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These types of problems usually start with a stock solution of a particular concentration and you need to dilute it to a particular volume to make a new, more dilute solution. The key equation here is:
M1V1 = M2V2
Remember that number of moles you are working with is constant whether in the stock solution or in the more dilute new solution. Since molarity times volume equals moles, that it what the equation above is talking about. M1V1 is the molarity (moles per liter) times the volume of the stock solution and M2V2 is the molarity times the volume of the new solution. So you are usually given three of the variables in the problem and you simply plug them in and solve for the missing fourth variable.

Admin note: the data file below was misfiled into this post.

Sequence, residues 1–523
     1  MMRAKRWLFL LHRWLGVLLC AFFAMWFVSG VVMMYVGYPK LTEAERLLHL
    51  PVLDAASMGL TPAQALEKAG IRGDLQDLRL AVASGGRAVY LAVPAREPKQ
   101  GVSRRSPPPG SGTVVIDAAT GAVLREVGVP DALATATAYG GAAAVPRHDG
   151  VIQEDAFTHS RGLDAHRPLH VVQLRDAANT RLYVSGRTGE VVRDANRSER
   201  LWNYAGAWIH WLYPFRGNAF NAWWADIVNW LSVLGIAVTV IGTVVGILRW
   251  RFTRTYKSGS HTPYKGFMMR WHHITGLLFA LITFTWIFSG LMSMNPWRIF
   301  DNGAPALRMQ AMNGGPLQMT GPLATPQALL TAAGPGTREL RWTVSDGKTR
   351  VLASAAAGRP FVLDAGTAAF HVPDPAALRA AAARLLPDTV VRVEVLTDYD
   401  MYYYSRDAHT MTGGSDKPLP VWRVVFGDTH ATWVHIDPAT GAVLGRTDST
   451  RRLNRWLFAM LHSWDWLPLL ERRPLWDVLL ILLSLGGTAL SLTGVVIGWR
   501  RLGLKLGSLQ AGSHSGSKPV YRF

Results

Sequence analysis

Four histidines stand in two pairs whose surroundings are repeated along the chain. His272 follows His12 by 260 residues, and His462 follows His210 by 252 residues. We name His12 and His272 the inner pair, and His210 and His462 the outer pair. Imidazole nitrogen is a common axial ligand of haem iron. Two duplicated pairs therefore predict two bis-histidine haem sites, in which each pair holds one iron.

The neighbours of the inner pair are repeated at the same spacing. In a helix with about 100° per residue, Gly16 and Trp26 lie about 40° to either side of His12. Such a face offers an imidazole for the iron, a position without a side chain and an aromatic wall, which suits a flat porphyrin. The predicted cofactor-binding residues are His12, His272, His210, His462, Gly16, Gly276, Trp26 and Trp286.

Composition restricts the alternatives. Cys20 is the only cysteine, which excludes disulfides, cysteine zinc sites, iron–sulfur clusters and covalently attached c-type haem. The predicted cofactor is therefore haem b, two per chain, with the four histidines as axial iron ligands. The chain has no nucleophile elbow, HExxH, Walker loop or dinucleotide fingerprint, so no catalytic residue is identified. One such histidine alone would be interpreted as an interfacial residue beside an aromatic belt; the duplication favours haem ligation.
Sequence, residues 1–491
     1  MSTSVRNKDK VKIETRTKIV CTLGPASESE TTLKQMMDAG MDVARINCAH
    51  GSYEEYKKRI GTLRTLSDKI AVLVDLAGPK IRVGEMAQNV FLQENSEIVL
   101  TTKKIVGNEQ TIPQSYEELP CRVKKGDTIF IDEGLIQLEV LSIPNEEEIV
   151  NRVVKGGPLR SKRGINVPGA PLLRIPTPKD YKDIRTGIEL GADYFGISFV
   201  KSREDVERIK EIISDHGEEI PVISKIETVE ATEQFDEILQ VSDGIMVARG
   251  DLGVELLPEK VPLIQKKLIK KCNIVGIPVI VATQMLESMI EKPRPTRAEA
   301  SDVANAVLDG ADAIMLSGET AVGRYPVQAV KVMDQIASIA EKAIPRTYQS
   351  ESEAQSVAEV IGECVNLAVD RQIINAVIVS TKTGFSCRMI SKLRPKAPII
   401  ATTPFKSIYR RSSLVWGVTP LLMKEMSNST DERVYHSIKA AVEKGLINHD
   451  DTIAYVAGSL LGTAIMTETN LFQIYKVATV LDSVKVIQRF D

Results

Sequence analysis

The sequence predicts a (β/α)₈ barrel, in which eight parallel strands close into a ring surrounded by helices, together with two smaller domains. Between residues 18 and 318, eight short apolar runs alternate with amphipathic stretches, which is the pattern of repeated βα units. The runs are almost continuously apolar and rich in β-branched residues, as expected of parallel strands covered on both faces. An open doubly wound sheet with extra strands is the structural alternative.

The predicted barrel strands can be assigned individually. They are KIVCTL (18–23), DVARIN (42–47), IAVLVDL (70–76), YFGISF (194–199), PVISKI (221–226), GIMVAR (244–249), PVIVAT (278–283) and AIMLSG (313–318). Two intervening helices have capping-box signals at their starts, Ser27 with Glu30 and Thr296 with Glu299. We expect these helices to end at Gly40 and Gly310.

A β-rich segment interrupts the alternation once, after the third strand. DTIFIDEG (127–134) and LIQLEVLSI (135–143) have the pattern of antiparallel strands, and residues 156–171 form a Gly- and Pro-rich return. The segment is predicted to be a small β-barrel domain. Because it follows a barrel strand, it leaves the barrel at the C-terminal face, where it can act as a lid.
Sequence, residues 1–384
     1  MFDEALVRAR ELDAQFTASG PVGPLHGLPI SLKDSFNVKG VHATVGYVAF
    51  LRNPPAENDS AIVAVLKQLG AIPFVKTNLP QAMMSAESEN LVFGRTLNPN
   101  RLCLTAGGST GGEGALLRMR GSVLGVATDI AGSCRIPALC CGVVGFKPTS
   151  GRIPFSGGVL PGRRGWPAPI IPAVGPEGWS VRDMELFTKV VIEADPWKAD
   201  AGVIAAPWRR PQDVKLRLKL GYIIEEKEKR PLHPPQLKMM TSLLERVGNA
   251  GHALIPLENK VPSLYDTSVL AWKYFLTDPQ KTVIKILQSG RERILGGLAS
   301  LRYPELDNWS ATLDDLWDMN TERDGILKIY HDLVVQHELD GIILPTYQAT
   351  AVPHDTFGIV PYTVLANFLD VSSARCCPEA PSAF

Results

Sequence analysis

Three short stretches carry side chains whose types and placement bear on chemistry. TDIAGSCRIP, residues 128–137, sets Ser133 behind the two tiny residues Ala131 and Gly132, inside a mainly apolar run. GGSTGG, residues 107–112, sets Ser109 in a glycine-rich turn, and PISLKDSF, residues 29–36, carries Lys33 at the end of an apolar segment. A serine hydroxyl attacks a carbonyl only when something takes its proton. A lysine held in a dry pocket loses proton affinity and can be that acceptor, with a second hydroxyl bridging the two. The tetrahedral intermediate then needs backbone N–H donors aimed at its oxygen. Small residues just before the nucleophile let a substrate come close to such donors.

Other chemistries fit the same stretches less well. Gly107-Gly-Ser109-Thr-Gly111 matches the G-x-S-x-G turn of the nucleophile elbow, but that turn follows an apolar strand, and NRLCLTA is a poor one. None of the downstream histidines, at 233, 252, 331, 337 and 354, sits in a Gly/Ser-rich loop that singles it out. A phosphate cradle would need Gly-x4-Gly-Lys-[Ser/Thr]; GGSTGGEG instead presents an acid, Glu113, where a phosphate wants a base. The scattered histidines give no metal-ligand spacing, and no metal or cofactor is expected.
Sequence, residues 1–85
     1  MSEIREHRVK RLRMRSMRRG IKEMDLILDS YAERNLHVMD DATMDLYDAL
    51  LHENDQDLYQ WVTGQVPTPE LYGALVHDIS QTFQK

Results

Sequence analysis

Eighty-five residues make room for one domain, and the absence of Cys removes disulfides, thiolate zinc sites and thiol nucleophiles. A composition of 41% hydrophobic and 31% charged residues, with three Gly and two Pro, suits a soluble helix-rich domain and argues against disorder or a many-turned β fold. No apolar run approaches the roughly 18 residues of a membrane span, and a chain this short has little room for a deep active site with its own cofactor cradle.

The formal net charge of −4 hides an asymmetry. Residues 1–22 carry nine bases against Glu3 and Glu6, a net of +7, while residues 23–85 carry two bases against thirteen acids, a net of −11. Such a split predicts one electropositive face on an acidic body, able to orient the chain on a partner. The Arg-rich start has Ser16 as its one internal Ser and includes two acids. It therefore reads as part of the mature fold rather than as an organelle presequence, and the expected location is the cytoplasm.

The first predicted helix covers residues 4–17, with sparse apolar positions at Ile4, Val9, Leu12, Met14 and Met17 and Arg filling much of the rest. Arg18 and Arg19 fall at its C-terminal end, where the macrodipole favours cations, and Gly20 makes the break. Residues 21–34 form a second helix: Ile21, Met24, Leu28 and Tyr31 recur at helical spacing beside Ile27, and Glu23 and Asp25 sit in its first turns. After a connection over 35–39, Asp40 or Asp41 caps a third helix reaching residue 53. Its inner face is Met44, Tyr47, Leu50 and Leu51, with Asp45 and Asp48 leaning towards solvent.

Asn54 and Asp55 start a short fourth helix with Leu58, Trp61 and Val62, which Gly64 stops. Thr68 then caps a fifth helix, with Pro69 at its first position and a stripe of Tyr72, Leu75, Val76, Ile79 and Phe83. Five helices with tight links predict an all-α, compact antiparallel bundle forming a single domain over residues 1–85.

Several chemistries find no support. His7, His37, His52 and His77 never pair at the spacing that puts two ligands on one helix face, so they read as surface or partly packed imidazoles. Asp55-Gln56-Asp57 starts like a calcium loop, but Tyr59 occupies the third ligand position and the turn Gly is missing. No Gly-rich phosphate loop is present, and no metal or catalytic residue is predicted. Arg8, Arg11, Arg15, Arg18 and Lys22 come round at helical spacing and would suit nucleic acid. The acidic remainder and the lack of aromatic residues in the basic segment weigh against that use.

In terms of actual laboratory practice to make a new solution from a stock solution, first you calculate how many milliliters of the stock solution that you need to make the new solution. Then measure out the required number of mL's of the stock solution in a graduated cylinder and pour into into a new flask. Then add fresh water (or whatever solvent you are working with) to the flask until the level reaches the required number of mL's of the new solution. Then stir the solution to mix evenly. Now you have a new, more dilute solution of a know concentration.
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